Missin’ the Trane: There were celebrated nights of packed houses and grim evenings of empty rooms, but the music kept playing for nine admirable years, and there’s no doubt that the Trane Studio will be missed by audiences and musicians alike. That said, I’m not going to give a eulogy to the club just yet; in writing to inform of the club’s decision not to renew the lease at 964 Bathurst, owner Frank Francis pointed out that “this does not mean the end of the business, it is rather an opportunity for us to take a well-deserved break and assess things differently.” Looking forward to catching the next Trane!
Singers and the Norm: Multi-talented Julie McGregor is an exquisite painter who, about a decade ago, turned her focus to singing jazz. More recently, McGregor has begun producing The Singer’s Jazz Series, which features, alongside herself, a variety of Torontonian talent on vocals, with the venerable Norman Amadio on piano. Ironically, it’s the accompanist who’s at the heart of this singer’s series.
“I was inspired by pianist Norman Amadio, one of Canada’s greatest jazz talents and sadly it seems, most under-appreciated,” says McGregor. “I wanted everyone to hear Norm play. At 84, he still plays great ... he loves accompanying and really is one of the most giving, humble and kind musicians I have ever met.”
Indeed, Amadio’s modesty belies his legendary status as jazz pianist, piano teacher, music coach, composer, arranger, session player, band leader and accompanist, dating back to the 1940s. At 17, the precociously gifted Norm left his hometown of Timmins to study with Boris Berlin at the Royal Conservatory, and soon thereafter became influential in starting the bebop scene in Toronto. Amadio became one of the country’s most in-demand players, headlining at New York’s Birdland in 1956 opposite Duke Ellington, and collaborating with far too many jazz giants to mention in this wee column.
At the “September’s Song” installment of The Singer’s Jazz Series, Amadio, along with the wondrous Neil Swainson on bass, will provide the ultimate accompaniment for featured vocalists Sophia Perlman, Vincent Wolfe and Julie McGregor, and jazz poet Chris Hercules. Reservations are recommended for this event, taking place at Hugh’s Room on Sunday, September 16.
Songbook hero: When it comes to the American songbook, there might not be a better keeper of its flame than John Alcorn. His personal approach finds the singer infusing the material with burning passion, but never at the expense of a song’s details. Good news: the beloved crooner this month embarks on The Songbook Series, a weekly Wednesday night residency at the Flying Beaver Pubaret in Cabbagetown. Alcorn will devote an evening a week to the musical works of an individual jazz, theatre or film artist, be it a composer, lyricist or legendary performer. This month he pays tribute to composers Cole Porter (Sept 5), Jerome Kern (Sept 12), Irving Berlin (Sept 19) and George Gershwin (Sept 26). Two stellar players accompany Alcorn in this series: Reg Schwager on guitar and Steve Wallace on bass. Admission is $15 or $10 in advance, except for the very first show, which is free. Who could ask for anything more?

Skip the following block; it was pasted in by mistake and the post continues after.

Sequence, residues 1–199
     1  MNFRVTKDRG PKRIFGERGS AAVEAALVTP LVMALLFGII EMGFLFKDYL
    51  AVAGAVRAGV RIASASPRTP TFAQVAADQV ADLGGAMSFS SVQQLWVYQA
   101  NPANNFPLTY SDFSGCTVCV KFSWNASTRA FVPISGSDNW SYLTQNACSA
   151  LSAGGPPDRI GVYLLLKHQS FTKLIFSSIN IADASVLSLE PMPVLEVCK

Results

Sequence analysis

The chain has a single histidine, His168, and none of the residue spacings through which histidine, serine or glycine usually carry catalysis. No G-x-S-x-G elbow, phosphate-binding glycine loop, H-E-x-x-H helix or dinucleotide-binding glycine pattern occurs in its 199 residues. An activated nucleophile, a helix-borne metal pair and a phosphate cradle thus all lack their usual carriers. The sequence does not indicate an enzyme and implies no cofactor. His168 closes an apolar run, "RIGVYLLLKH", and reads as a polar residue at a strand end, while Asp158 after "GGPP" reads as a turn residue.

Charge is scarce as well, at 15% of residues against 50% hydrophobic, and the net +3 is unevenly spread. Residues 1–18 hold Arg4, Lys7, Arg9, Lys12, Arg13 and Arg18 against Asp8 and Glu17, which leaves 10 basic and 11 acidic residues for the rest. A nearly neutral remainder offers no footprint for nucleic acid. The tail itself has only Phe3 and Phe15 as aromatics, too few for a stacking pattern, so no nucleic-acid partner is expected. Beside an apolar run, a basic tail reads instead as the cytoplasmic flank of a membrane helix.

Shepherd’s departure: Back to Hugh’s Room, where on September 29, Elizabeth Shepherd releases Rewind, a departure of sorts for this consummate talent who can pen both strong hooks and insightful lyrics, but chooses not to on this release. Shepherd’s fourth CD takes a surprise turn, shifting gears to standard material that has inspired her to this point. In doing so, the spotlight is redirected to the artist’s intelligent choices as singer and arranger. There’s something undeniably magnetic about Shepherd’s voice; she never quite raises it, nor does she have to. The new album’s highlights include thoughtful transformations of Porter’s “Love for Sale” and Weill’s “Lonely House,” reshaped into contemporary, minimalistic works of art. I’m willing to bet that John Alcorn would approve!
Ori Dagan is a Toronto-based jazz vocalist, voice actor and entertainment journalist. He can be contacted at email@example.com.